Happy New Year’s to all our readers! What an incredible year it’s been for us to write this blog and to have enjoyed discovering so many fellow fans of classic Bollywood cinema! I grew up in a Hindu Punjabi family, and in my house, we always celebrate the New Year’s with a havan the morning of January 1st with friends in the community. There’s something calming and cozy about these annual gatherings–we keep it casual where I’m from while taking a break to reflect on the year behind on us and what lies ahead. In the spirit of auspicious beginnings, we shall present the lyrics and full English translation to one of Bollywood’s greatest bhajans “Allah Tero Naam” from Hum Dono (1961). Rendered impeccably by Lata Mangeshkar, “Allah Tero Naam” soars with bi-partisan Hindu-Muslim appeal in a humble call to God for wisdom and strength. The iconic number is one of Lata’s personal favorite Jaidev compositions!
For me, Hum Dono (1961) is one of the finest films of Dev Anand’s illustrious career: it glows with a constantly-twisting plot and a golden soundtrack that places the film among the legends of cinematic history. Dev Anand was well-known for pushing the envelope of societal norms as a director, and the troubling predicaments his characters find themselves in always astound–whether falling in love with a woman who thinks he’s her brother (Bombay Ka Babu), conducting whirlwind affairs with three women at once (Teen Devian) or romancing another man’s wife who believes he’s her real husband (Hum Dono). The plots are scintillating and the acting invariably superb. Furthermore, did I mention Hum Dono a quasi-twin movie too? Couple that with a war-time theme and you can readily imagine the opportunities for confusion of epic Bollywood proportions. See our earlier translation of “Main Zindagi Ka Saath” from the same film!
The Lata Mangeshkar solo is one of the film’s many high points, arriving midway through the film as Nanda prays for her husband’s safe return from the war. The time period was arguably when Lata’s voice was at her most angelic, and the graceful, gentle maneuvers of this song will leave you breathless for more!
Perhaps one of the greatest aspects to “Allah Tero Naam” is the Hindu-Muslim crossover lyrics. Reminiscent of “Ishwar Allah Tero Naam” later rendered by Mohammed Rafi in Nayaa Raastaa (1970), this bhajan encompasses an important and unique aspect of Indian spirituality–the transcendence of religious barriers (which holds a particular intrigue in a war-time themed filmed!) You guessed it, the lyrics are penned by that sensitive soul Sahir Ludhiviani, who’s feelings against war and it’s horrors are a theme in many later works (“Khuda-e-bartar,” anyone?). So whether you adore this song for the lyrics, the rendition, or just for Nanda’s emotive eye-batting, we hope you enjoy the lyrics and our English translation to “Allah Tero Naam” and wish you a happy New Year!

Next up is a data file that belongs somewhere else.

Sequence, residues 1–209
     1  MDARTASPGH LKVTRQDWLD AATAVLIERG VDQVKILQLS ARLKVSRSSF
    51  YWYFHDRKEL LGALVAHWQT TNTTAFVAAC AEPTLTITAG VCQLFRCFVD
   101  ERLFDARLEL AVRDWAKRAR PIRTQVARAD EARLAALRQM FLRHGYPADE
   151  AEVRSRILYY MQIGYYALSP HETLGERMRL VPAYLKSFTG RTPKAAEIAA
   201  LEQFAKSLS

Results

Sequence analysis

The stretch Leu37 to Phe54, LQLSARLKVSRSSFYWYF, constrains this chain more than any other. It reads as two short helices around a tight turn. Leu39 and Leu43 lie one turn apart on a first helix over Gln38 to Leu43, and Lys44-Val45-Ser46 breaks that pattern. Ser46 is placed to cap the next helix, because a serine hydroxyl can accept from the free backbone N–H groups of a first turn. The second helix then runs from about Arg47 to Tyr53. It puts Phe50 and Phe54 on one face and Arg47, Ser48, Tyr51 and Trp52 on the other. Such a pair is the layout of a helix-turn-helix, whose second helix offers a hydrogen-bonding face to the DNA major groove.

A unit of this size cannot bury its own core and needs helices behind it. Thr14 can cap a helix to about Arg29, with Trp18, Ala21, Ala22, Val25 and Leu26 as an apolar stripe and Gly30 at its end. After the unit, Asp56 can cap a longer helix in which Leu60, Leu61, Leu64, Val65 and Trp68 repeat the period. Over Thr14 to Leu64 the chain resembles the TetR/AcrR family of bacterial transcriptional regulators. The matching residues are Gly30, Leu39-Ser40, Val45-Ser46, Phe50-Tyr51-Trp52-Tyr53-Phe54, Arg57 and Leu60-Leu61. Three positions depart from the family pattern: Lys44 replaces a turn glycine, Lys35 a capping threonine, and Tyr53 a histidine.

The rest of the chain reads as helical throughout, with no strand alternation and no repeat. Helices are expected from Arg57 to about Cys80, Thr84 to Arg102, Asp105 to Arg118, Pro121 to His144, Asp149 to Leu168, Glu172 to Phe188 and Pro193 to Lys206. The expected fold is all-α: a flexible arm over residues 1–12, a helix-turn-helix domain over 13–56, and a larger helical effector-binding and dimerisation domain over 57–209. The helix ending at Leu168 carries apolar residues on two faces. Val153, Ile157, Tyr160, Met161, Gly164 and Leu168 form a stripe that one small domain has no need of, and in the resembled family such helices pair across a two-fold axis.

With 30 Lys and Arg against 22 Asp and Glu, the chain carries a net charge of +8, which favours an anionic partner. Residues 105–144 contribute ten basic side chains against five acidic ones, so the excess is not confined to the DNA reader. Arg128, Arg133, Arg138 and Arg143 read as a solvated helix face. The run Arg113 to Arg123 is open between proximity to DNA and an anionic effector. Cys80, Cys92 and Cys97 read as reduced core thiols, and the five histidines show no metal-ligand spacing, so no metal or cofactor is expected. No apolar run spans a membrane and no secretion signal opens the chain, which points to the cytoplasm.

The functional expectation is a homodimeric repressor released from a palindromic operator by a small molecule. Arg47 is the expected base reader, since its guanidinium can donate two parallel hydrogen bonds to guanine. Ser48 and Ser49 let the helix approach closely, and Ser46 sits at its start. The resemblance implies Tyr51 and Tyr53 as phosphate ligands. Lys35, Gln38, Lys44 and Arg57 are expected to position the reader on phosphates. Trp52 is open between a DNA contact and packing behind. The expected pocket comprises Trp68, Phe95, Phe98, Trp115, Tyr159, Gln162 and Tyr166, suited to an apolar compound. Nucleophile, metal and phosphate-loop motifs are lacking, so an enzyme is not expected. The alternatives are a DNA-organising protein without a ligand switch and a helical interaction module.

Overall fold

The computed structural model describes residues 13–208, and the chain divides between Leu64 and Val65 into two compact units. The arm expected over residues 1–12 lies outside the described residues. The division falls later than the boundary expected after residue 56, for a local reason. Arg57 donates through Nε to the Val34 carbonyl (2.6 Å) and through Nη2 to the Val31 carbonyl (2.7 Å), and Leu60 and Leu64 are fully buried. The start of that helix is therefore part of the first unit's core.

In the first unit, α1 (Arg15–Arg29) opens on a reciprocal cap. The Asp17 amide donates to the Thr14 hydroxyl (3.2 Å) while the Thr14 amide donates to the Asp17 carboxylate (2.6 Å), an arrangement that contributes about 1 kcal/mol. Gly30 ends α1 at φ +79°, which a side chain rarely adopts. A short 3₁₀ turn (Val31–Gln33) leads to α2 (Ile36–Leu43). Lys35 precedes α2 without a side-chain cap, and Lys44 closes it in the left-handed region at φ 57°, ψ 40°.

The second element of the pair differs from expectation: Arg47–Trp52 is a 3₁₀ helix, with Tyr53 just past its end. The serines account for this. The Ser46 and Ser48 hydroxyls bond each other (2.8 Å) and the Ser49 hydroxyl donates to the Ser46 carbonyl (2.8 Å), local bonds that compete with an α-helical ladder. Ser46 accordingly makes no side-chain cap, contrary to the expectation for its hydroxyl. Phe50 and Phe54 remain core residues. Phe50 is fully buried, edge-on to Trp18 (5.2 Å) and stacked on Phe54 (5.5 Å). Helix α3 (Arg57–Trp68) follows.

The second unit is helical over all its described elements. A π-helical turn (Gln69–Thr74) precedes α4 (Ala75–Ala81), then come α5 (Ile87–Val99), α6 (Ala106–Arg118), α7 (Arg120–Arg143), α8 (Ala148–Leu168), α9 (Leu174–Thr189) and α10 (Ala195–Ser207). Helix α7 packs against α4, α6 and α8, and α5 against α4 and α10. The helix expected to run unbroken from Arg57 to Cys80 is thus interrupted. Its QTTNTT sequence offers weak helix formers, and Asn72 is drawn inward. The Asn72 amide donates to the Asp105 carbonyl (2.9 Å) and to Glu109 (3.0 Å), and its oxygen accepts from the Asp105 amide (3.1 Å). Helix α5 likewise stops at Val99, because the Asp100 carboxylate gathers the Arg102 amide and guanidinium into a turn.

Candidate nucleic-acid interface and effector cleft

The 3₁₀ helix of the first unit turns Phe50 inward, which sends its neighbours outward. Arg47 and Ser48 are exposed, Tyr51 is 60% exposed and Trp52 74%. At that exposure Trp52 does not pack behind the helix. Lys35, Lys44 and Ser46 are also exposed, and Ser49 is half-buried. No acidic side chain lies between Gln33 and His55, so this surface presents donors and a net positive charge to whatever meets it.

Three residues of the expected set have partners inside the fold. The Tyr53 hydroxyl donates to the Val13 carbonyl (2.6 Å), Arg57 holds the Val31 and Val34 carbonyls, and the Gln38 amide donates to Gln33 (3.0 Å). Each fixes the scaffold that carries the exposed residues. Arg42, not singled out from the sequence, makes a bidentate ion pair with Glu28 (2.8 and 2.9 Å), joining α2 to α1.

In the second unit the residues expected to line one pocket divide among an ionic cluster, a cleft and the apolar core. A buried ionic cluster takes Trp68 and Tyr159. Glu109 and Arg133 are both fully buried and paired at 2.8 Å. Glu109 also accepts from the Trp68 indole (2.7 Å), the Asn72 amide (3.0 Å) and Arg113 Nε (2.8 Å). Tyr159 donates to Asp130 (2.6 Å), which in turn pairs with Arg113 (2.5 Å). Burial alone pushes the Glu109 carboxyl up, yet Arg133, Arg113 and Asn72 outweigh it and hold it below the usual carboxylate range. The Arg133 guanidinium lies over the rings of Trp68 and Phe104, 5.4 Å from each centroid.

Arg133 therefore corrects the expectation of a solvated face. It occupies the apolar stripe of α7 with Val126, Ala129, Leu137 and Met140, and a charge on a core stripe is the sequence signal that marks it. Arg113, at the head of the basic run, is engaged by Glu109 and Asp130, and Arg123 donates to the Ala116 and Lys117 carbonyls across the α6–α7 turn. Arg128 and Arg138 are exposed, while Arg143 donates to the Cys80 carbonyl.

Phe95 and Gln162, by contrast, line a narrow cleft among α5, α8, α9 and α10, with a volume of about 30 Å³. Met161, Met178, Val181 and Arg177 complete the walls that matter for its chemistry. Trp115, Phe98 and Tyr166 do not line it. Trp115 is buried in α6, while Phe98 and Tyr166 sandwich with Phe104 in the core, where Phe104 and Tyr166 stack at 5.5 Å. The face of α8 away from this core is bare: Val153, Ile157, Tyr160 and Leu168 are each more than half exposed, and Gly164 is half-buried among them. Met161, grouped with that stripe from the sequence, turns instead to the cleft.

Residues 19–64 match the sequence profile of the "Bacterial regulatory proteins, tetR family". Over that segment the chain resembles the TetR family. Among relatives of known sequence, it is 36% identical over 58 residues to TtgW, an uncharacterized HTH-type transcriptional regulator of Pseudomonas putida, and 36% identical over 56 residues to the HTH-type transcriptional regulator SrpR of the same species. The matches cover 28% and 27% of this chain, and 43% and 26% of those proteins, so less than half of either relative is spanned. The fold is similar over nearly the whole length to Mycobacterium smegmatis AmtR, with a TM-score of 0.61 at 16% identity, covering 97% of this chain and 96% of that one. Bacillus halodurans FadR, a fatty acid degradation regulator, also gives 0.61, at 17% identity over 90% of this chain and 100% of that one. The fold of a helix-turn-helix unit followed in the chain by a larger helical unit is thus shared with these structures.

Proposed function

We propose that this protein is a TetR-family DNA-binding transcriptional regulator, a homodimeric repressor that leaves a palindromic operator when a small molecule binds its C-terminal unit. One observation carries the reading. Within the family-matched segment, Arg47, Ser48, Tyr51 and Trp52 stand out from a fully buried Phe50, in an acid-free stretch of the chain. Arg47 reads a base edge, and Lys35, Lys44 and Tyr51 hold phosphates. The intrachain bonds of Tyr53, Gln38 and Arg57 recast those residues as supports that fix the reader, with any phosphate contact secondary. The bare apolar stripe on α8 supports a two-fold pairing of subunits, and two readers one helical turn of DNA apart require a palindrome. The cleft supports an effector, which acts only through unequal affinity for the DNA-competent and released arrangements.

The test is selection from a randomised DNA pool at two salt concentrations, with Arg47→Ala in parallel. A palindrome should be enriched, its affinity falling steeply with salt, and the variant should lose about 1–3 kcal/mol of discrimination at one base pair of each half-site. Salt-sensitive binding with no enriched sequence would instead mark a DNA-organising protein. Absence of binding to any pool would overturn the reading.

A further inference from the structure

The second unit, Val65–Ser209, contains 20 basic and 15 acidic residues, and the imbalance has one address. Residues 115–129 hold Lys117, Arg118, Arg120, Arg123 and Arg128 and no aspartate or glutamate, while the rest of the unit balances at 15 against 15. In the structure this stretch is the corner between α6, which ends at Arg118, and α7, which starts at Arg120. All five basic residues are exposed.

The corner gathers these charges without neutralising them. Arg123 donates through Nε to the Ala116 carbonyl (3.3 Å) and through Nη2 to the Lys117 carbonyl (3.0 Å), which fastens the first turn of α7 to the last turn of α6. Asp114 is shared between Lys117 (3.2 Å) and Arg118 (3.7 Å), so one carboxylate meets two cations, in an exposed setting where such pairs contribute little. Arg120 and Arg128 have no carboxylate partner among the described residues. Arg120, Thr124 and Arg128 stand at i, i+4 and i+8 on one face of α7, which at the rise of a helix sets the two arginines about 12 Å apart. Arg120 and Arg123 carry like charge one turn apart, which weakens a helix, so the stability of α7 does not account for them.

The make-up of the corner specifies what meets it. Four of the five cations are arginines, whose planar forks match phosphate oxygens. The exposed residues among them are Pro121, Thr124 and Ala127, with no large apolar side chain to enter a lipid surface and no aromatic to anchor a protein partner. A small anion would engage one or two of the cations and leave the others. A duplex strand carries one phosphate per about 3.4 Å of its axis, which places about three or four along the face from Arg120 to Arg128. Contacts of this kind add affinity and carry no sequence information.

Allah Tero Naam Lyrics and Translation:
Allah tero naam, Ishwar tero naam
Your name is Allah, your name is Ishwar
Sab ko sanmatii de, Bhagwan
Bless everyone with equanimity, God
Maango.N kaa sindoor na chhuuTe
Do not let the sindoor disappear from the part of our hair [Let us not be widowed]
Maa.N bahano.N kii aas na TuuTe
Do not shatter the hopes of mothers and sisters
Deha binaa, Daataa…
Without a body, Lord…
Deha binaa bhaTake na praan
Let the soul not wander without a body
O saare jag ke rakhwaale
O keeper of the whole world
Nirbal ko bal denewaale
The giver of strength to the weak
To the strong…
Balwaano.N ko de de gyaan
Bestow wisdom to the strong
Allah: God [Muslim]; Ishwar: God [Hindu]; sanmatii: equanimity, advise; maaNg: the parting line in a woman’s hair; sindoor: red powder worn in a woman’s hair part to signify marriage; maa.N: mother; bahan: sister; aas: hope; TuuTnaa: to break, to shatter; deha: body; Daataa: Lord; bhataknaa: to wander; praan: soul, life; rakhwaalaa: the keeper; nirbal: weak; bal: strength; balwaan: one who is strong, a warrior; denewaalaa: the giver; gyaan: wisdom, knowledge
Ever wondered why some songs use the term “tero” instead of “teraa” such as in this devotional? It’s a grammatical exception in the Hindustani language that you’ll only find in a direct address to God! It’s always nice to start a new year with linguistic trivia. Here at Mr. and Mrs. 55, our New Year’s resolution is to blog more often–we’re almost nearing our 100th post!
- Mrs. 55